Diabetes drug showing promise for prostate cancer treatment

By Peter Wehrwein

Metformin—the drug that millions of people with diabetes take to control their blood sugar—may be on the brink of a second career. Evidence from a variety of studies suggests that metformin may delay or slow the progression of prostate cancer.

At same time, researchers are finding that metformin does not seem to prevent the development of prostate cancer in the first place. One possible explanation for the discrepancy is that while metformin may curtail the survival of cancer cells, and so be helpful in treatment, it may not have much influence on the events that initiate cancer and transform normal cells into cancerous

The interest in metformin’s anticancer potential is not limited to prostate cancer. On www.clinicaltrials.gov, maintained by the National Institutes of Health, you’ll find more than 60 clinical trials of metformin being tested as a treatment for many different cancers, including breast, colon, endometrial, and pancreatic cancer. A dozen different prostate cancer trials are listed, four of which are still recruiting volunteers.

Part of the attraction here is that metformin is inexpensive. Metformin is sold under brand names like Glucophage and Fortamet but is readily available as a generic. For someone taking metformin for diabetes, a month’s supply of the generic can cost as little as $5.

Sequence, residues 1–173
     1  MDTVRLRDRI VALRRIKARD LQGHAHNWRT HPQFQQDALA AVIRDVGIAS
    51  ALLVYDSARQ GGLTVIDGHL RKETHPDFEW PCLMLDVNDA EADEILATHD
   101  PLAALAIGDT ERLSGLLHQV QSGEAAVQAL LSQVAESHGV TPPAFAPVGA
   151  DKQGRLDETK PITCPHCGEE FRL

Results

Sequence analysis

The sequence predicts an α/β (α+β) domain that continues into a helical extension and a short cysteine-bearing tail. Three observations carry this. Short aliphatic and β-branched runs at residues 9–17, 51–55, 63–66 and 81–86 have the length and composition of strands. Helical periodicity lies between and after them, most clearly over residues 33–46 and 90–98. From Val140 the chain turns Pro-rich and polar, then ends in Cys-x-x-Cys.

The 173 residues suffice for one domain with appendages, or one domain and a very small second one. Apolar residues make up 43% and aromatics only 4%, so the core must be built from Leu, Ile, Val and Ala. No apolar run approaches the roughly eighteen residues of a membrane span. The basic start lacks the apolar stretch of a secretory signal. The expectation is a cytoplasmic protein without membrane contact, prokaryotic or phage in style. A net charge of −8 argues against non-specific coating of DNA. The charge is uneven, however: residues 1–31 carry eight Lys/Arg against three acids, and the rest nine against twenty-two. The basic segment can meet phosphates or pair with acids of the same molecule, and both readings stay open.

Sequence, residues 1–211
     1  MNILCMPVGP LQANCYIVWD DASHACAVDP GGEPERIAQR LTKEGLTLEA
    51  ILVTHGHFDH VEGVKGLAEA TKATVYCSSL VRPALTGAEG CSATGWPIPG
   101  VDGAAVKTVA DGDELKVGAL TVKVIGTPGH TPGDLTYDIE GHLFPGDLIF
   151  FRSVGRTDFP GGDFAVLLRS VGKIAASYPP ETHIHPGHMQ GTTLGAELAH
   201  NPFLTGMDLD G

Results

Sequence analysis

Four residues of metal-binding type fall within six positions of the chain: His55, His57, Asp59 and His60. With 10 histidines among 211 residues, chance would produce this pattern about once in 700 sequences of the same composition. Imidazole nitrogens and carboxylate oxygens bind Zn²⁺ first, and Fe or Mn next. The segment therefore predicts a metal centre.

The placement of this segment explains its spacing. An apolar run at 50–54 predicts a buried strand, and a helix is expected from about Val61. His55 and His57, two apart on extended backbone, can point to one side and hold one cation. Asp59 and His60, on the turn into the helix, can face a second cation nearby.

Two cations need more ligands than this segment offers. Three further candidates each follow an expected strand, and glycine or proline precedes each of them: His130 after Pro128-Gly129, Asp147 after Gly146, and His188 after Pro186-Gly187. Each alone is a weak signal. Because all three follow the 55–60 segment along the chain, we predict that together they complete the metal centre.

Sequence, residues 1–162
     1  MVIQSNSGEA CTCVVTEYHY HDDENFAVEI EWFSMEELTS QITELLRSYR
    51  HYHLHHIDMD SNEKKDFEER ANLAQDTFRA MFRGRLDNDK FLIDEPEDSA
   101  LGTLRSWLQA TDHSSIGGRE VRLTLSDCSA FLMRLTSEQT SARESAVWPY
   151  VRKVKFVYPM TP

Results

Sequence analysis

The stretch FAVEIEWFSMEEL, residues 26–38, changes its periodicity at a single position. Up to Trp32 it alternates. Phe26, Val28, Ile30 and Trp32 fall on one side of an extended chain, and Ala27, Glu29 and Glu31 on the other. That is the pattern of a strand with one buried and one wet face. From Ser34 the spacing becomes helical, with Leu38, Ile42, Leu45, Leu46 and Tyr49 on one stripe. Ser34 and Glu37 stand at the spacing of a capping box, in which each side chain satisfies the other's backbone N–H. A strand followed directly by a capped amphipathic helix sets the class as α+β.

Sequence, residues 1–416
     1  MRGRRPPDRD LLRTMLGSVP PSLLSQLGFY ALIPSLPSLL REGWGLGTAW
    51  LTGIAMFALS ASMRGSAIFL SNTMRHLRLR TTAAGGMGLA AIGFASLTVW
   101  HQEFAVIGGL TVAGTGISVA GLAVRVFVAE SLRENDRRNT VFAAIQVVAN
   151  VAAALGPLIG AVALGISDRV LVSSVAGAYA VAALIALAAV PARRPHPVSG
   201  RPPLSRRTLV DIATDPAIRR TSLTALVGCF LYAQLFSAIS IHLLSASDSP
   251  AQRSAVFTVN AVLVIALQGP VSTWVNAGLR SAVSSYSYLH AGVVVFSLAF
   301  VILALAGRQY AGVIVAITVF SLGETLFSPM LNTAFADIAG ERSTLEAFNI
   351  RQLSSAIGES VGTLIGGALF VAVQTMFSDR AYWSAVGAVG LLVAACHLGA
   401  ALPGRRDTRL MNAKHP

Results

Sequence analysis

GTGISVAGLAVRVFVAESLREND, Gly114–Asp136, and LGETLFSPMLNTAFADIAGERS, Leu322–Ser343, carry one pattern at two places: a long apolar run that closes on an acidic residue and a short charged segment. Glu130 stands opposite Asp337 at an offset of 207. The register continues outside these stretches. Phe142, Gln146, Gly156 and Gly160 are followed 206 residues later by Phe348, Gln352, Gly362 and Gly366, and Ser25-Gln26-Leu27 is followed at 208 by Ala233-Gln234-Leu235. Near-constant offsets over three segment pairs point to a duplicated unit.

Study finding: Metformin use after diagnosis lowers risk of dying from prostate cancer

The latest findings regarding metformin and prostate cancer come from a research group at the University of Toronto. Because of universal health insurance, Canada is a treasure trove of patient databases, and the Toronto researchers did this study by cross-referencing diabetes, cancer, and drug benefit databases for the province of Ontario. They study included 3,837 men with diabetes and median age of diagnosis was 75.

Writing in the Journal of Clinical Oncology, the researchers showed a correlation between taking metformin after prostate cancer diagnosis and a decreased risk of dying from the disease. More specifically, the researchers found that each additional six months of metformin use after diagnosis was associated with a 24% decrease in the risk of dying from prostate cancer. The risk of dying from any cause also declined with post-diagnosis metformin use but that association weakened as time went on.